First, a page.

Hollie Grimaldi Flores: Disconnected
I began writing this piece a few weeks ago. At the time, I believed AB5, (the bill that limits freelance writers to 35 articles to a publication annually) would be modified, and this one aspect of my life would remain intact. That has not happened and so, sadly, this is my last column until next year, or until an amendment to the legislation passes.
What a difference a week makes. I, like many in the community, had been reeling from the violence that broke out against peaceful protestors. I had been thinking about how our citizens had become divided and was wishing there was an easy way for us to remember that (as Kamala Harris is fond of saying), ” We have a lot more in common than what separates us.”
And then a fire broke out and reminded us. Neighbor helping neighbor – no one asking for party preference before offering a helping hand. It was quite a distraction from the week prior when a peaceful protest became violent.
We are living in an incredibly tumultuous time. With growing concern over the state of the country overall, but more so in our beloved hamlet in Northern California, I am watching the growing discord that began with a virus, was perpetuated with yet another senseless death and continues with an unending cry for justice. The divide between the left and right in the country is growing ever larger and is rearing its ugly head in this county.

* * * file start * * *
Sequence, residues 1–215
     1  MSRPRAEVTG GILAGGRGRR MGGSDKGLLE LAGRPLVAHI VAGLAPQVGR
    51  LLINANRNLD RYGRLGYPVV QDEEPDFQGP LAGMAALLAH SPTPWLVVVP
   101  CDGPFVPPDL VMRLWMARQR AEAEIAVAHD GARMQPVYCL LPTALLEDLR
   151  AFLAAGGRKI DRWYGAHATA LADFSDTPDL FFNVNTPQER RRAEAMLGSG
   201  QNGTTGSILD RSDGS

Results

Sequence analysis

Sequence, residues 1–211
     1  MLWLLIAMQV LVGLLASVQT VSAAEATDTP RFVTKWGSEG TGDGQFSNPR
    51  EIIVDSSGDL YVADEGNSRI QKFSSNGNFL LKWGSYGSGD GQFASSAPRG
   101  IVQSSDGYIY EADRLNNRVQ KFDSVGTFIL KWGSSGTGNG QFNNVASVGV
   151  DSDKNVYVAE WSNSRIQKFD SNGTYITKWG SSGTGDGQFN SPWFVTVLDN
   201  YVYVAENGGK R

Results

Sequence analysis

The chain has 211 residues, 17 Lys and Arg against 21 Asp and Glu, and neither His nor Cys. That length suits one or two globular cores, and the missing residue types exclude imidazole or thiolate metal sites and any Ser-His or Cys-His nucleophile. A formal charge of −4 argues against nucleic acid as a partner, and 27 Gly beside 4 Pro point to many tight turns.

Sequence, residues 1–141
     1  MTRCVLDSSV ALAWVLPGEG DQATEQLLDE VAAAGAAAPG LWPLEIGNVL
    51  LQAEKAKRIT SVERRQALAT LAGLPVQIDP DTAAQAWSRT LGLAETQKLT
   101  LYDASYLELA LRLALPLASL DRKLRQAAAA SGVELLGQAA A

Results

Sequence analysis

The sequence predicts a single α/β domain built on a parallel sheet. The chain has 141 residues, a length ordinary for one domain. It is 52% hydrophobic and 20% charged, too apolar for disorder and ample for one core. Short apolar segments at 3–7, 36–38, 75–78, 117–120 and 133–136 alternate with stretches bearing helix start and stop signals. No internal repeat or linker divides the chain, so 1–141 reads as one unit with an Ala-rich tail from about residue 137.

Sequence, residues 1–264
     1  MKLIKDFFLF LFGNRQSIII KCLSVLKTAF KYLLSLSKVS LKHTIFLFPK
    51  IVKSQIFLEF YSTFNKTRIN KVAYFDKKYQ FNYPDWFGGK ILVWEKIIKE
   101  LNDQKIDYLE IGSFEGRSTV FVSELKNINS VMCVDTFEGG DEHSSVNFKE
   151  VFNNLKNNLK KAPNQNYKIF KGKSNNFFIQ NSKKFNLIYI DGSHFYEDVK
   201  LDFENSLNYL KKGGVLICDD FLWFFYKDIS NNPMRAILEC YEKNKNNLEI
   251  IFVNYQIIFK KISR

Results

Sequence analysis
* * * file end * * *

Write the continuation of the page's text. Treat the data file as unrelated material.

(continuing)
Our citizens are passionate in our beliefs. I realize it is not just one thing, but a culmination of the never-ending challenges of 2020 bringing out the underbelly of our community. At the center are isolation and separation caused by the restrictions of the pandemic that has shifted the overall ethos.
The members of the community in which I live have thrived on being involved. We boast about having a disproportionately large number of nonprofits. We have five different Rotary clubs in our county of less than 100,000 people! For a time, there were three Soroptimist groups (a service organization of women who raised funds and awareness for women and children) along with Kiwanis, Lions, Elks, and Masons, just to name a few.
We are a community of givers who are not afraid to work hard for the greater good. We have clubs for animals, children, Veterans, gardeners, quilters, newcomers and gemologists. Name a cause and you can be certain Nevada County has a club or organization to support it.
Fundraisers were the life blood of the community. Each and every weekend there was at least one organization hosting an event to raise money to further their mission, be it the eradication of polio, women escaping violence, reading programs, respite for caregivers, arts enrichment — the list was never ending.
Businesses owners would talk about multiple requests from local groups soliciting donations for their particular cause occurring daily. We attended dinners, dances, auctions, casino nights, plays, concerts and gatherings of every imaginable theme, all for the greater good of our friends, families and neighbors.